On April 16, 2000, Tamara Sale was a member of the Women”s Synchronized Ski Team. She and five other teammates were skiing on Espresso, below lift 4 on Vail Mountain. The area is designated for Slow Skiing.
Sale was in uniform, as were all other members of the team. They were skiing as a team, under control, directly down the fall line.
Mark Dixon, from a full stop and uphill of the plaintiff and her teammates, began skiing a traverse from Christmas trail, cutting across the slope under Lift #4. Dixon was heading either for the western side of the base of Lift #4, or for the loading area for the Wildwood Express Lift (Chair #3).
Although Sale and her teammates were plainly visible, Dixon failed to see them. He cut through the line of the ski team, while he was traveling at a high velocity. One of the team members evaded Dixon, but Dixon then crashed into Tamara Sale, while he was still traveling at a very high speed, causing Tamara Sale to suffer multiple trauma, and extensive serious injuries.
Her injuries included a severely comminuted left distal radial ulnar fracture with dislocation of the distal radioulnar joint, which required open reduction and internal fixation, a comminuted depressed left tibial plateau fracture requiring open reduction and internal fixation, a right mandibular angle fracture and a left mandibulocondyle intra-articular multifragment fracture, both of which required open reduction and internal fixation, a closed head injury, with mild verbal learning and sequencing difficulties a left calf thrombosis, anemia; and impaired sensation of the left hand, secondary to a traction injury of the median, ulnar, and radial nerves distal to the wrist.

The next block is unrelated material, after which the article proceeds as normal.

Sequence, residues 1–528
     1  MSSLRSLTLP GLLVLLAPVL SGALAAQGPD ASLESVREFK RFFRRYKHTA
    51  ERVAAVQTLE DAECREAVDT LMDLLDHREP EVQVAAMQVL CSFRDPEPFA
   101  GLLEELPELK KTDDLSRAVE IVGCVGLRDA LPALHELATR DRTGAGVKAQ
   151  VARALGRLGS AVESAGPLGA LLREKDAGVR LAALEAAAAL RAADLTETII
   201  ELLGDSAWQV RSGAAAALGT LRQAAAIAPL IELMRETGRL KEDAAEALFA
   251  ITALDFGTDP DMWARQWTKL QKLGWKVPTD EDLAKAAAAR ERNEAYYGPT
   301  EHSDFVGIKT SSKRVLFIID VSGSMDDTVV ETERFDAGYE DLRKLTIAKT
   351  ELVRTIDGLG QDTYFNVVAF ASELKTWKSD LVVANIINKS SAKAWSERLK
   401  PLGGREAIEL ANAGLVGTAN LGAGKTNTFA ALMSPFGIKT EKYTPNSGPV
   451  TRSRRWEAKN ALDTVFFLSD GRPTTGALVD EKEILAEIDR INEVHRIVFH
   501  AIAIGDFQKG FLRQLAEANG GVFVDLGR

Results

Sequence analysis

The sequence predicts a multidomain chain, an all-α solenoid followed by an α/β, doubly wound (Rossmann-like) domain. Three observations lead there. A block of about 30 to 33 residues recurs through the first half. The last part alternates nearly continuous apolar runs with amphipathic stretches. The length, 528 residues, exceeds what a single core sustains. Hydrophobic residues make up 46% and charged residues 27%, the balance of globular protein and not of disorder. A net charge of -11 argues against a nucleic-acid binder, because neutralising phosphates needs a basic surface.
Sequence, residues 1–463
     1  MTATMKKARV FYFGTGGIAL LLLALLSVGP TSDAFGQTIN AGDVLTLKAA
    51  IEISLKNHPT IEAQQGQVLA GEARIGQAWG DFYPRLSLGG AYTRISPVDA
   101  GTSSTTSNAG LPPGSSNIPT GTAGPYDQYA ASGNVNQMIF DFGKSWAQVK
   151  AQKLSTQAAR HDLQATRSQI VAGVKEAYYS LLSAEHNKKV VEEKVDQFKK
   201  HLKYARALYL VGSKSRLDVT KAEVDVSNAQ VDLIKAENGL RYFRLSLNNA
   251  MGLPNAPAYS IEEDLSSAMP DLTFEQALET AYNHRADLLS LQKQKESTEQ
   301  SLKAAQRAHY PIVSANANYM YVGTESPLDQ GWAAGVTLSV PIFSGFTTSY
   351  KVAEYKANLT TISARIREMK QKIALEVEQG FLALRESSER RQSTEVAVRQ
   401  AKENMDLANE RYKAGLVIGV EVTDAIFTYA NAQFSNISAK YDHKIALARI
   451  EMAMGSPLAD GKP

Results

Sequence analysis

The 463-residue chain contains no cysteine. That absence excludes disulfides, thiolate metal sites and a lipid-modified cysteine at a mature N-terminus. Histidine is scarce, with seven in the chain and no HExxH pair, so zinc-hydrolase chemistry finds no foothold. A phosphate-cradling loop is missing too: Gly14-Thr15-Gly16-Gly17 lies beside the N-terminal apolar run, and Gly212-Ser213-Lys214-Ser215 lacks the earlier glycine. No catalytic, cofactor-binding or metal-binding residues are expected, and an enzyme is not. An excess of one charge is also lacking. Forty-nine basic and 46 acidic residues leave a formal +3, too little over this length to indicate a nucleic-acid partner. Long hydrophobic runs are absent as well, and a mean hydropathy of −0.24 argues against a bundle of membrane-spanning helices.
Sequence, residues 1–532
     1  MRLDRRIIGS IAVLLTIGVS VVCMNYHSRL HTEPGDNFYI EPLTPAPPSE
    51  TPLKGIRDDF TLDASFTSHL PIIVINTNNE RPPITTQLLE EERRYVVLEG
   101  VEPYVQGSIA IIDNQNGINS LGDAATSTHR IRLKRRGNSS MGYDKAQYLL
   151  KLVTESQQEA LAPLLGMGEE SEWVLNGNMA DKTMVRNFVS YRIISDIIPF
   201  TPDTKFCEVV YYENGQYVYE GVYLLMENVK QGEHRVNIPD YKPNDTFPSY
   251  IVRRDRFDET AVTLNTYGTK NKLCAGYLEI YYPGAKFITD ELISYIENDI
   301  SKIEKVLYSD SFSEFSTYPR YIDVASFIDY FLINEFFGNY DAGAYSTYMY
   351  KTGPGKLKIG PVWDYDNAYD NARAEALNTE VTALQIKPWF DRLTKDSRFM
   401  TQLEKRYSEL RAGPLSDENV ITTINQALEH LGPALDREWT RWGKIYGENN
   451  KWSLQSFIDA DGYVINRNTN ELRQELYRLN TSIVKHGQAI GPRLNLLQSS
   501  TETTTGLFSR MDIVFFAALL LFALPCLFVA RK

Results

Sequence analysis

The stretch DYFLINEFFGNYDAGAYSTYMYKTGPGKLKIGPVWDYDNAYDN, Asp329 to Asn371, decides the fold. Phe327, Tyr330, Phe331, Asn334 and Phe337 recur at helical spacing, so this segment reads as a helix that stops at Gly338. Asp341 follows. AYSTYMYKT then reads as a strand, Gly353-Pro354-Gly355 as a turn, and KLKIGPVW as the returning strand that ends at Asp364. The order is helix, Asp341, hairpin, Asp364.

Before entering the trail on which Tamara Sale and her teammates were skiing, Dixon had a duty to yield and to avoid hitting those skiers, including Sale, who were already moving on the slope. C.R.S. §§ 33-44-109(8). He had an additional and separate duty to yield to skiers already moving on the trail before he began his traverse from a "stationary position." Id.
Defendant had an additional and separate duty to maintain a proper lookout so as to be able to avoid other skiers such as Sale pursuant to C.R.S.§§33-44-109(2).
Pursuant to C.R.S. §§ 33-44-109(1), defendant Dixon had the sole responsibility for knowing the range of his own ability to negotiate any slope or trail and ski within the limits of such ability.
Defendant Dixon breached this duty by skiing excessively fast, and on terrain on which he could not safely control his speed.
Dixon owed a general duty of due care to other skiers, both under common law and pursuant to the general rule that each skier should "refrain from acting in a manner which may cause or contribute to the injury of the skier or others". Id.
Past results are no guarantee of future results.